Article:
Advertisement

Acta Meteorologica Sinica

, Volume 26, Issue 3, pp 261–277 | Cite as

A climatology of extratropical cyclones over East Asia during 1958–2001

  • Yingxian Zhang (张颖娴)Email author
  • Yihui Ding (丁一汇)
  • Qiaoping Li (李巧萍)
Article

Abstract

A climatology of extratropical cyclones (ECs) over East Asia (20°−75°N, 60°−160°E) is analyzed by applying an improved objective detection and tracking algorithm to the 4-time daily sea level pressure fields from the European Centre for Medium-range Weather Forecasts (ECMWF) reanalysis data. A total of 12914 EC processes for the period of 1958–2001 are identified, with an EC database integrated and EC activities reanalyzed using the objective algorithm. The results reveal that there are three major cyclogenesis regions: West Siberian Plain, Mongolia (to the south of Lake Baikal), and the coastal region of East China; whereas significant cyclolysis regions are observed in Siberia north of 60°N, Northeast China, and Okhotsk Sea-Northwest Pacific. It is found that the EC lifetime is largely 1–7 days while winter ECs have the shortest lifespan. The ECs are the weakest in summer among the four seasons. Strong ECs often appear in West Siberia, Northeast China, and Okhotsk Sea-Northwest Pacific. Statistical analysis based on k-means clustering has identified 6 dominating trajectories in the area south of 55°N and east of 80°E, among which 4 tracks have important impacts on weather/climate in China. ECs occurring in spring (summer) tend to travel the longest (shortest). They move the fastest in winter, and the slowest in summer. In winter, cyclones move fast in Northeast China, some areas of the Yangtze-Huaihe River region, and the south of Japan, with speed greater than 15 m s−1. Explosively-deepening cyclones are found to occur frequently along the east coast of China, Japan, and Northwest Pacific, but very few storms occur over the inland area. Bombs prefer to occur in winter, spring, and autumn. Their annual number and intensity in 1990 and 1992 in East Asia (EA) are smaller and weaker than their counterparts in North America.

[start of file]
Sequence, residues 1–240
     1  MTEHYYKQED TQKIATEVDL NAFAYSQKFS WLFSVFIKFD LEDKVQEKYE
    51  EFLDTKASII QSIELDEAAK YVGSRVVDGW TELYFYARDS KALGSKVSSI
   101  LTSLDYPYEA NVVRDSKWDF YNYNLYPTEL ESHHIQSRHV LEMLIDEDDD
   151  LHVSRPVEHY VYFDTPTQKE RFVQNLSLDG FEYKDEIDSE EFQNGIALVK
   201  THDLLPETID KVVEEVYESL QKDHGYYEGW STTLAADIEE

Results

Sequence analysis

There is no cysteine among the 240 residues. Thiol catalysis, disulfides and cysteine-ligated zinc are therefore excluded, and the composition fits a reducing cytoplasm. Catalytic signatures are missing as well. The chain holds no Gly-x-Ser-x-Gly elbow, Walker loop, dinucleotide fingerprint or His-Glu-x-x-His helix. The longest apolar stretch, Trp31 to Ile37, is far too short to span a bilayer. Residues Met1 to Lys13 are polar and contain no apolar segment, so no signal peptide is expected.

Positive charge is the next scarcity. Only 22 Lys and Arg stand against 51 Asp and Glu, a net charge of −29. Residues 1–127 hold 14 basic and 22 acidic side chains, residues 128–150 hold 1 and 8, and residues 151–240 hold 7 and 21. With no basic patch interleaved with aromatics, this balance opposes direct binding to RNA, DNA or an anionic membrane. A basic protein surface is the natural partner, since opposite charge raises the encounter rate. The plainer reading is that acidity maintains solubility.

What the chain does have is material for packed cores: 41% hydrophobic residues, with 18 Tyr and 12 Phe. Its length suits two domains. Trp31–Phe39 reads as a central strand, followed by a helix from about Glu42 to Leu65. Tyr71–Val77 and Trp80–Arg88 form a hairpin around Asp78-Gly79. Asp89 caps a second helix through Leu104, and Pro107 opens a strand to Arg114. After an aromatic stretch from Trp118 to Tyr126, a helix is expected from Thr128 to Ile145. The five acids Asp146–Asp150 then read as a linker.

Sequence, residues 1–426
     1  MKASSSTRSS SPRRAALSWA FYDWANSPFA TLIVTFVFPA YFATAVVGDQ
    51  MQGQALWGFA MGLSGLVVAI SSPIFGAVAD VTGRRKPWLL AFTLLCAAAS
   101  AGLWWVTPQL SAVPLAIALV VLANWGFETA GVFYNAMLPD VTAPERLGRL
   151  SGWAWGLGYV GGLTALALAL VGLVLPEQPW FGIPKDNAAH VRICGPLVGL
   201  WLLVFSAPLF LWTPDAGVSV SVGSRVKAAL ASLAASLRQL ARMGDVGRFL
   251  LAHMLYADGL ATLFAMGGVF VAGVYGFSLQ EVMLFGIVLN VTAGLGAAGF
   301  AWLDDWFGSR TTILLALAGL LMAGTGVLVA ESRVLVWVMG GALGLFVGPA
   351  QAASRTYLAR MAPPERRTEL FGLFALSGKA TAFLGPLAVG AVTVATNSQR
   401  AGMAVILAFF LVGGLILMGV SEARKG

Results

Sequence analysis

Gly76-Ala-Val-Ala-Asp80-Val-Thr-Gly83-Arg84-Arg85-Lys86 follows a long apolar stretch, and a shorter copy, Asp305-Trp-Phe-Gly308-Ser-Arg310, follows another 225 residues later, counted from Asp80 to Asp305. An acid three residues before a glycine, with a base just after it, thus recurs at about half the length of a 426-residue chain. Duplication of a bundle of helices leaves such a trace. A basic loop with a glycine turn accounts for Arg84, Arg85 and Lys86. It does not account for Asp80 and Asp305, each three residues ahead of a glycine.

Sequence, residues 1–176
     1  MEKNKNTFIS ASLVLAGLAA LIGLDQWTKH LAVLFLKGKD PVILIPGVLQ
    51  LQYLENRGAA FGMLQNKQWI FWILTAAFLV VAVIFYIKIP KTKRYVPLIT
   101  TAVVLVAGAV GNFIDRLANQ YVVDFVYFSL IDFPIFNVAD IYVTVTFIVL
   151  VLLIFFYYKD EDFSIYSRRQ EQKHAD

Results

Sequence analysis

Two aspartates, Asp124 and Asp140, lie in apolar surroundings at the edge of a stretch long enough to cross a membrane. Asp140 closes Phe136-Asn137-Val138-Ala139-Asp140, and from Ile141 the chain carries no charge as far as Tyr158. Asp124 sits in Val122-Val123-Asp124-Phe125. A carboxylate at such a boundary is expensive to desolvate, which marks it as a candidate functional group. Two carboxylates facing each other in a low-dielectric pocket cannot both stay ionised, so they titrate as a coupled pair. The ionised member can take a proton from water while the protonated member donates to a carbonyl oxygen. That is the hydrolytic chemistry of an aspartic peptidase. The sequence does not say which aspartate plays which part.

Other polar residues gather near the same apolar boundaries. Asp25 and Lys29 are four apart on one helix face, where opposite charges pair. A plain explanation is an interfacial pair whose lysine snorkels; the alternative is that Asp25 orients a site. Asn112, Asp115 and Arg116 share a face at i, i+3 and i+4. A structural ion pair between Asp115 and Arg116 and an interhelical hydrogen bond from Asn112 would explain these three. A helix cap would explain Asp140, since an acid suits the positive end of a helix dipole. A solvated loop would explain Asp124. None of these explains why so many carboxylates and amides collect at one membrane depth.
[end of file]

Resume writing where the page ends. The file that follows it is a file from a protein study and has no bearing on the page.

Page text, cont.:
Key words

extratropical cyclones objective detection and tracking algorithm cyclogenesis cyclolysis cyclone tracks explosively-deepening cyclones 

Preview

Unable to display preview. Download preview PDF.

Unable to display preview. Download preview PDF.

References

  1. Alpert, P., B. U. Neeman, and Y. Shayel, 1990: Climatological analysis of the Mediterranean cyclones using ECMWF data. Tellus A, 42, 65–77.CrossRefGoogle Scholar
  2. Bartholy, J., R. Pongrácz, and M. Pattantyús-Ábrahám, 2009: Analyzing the genesis, intensity, and tracks of western Mediterranean cyclones. Theor. Appl. Climatol., 96, 133–144.CrossRefGoogle Scholar
  3. Blender, R., K. Fraedrich, and F. Lunkeit, 1997: Identification of cyclone-track regimes in the North Atlantic. Quart. J. Roy. Meteor. Soc., 123, 727–741.CrossRefGoogle Scholar
  4. Cai Lina, Sui Yingjiu, Liu Daqing, et al., 2009: Analysis on an unusual snowstorm event caused by explosive cyclone. Acta Sci. Natur. Univ. Pekinensis, 45(4), 693–700. (in Chinese)Google Scholar
  5. Ding Yihui, 2005: Advanced Synoptic Meteorology. China Meteorological Press, Beijing, 150–187. (in Chinese)Google Scholar
  6. — and Zhu Tong, 1994: A dynamic analysis and numerical simulation of explosive development of an extratropical cyclone over land. Sci. China (Ser. B), 37(5), 590–600.Google Scholar
  7. Favre, A., and A. Gershunov, 2006: Extratropical cyclonic/anticyclonic activity in northeastern Pacific and air temperature extremes in western North America. Climate Dyn., 26, 617–629.CrossRefGoogle Scholar
  8. Geng, Q., and M. Sugi, 2001: Variability of the North Atlantic cyclone activity in winter analyzed from NCEP/NCAR reanalysis data. J. Climate, 14, 3863–3873.CrossRefGoogle Scholar
  9. Graham, N. E., and H. F. Diaz, 2001: Evidence for intensification of North Pacific winter cyclones since 1948. Bull. Amer. Meteor. Soc., 82, 1869–1893.CrossRefGoogle Scholar
  10. Gyakum, J. R., D.-L. Zhang, J. Witte, et al., 1996: CASP II and the Canadian cyclones during the 1989-92 cold seasons. Atmos.-Ocean, 34, 1–16.CrossRefGoogle Scholar
  11. Haak, U., and U. Ulbrich, 1996: Verification of an objective cyclone climatology for the North Atlantic. Meteor. Z., 5, 24–30.Google Scholar
  12. Hartigan, J. A., 1975: Clustering Algorithms. Wiley and Sons, New York, 84–112.Google Scholar
  13. Hodges, K. I., 1994: A general method for tracking analysis and its application to meteorological data. Mon. Wea. Rev., 122, 2573–2586.CrossRefGoogle Scholar
  14. Jones, D. A., and I. Simmonds, 1993: A climatology of Southern Hemisphere extratropical cyclones. Climate Dyn., 9, 131–145.CrossRefGoogle Scholar
  15. König, W., R. Sausen, and F. Sielmann, 1993: Objective identification of cyclones in GCM simulations. J. Climate, 6, 2217–2231.CrossRefGoogle Scholar
  16. Lambert, S. J., 1988: A cyclone climatology of the Canadian climate centre general circulation model. J. Climate, 1, 109–115.CrossRefGoogle Scholar
  17. Lionello, P., F. Dalan, and E. Elvini, 2002: Cyclone in the Mediterranean region: The present and the doubled CO2 climate scenarios. Climate Res., 22, 147–159.CrossRefGoogle Scholar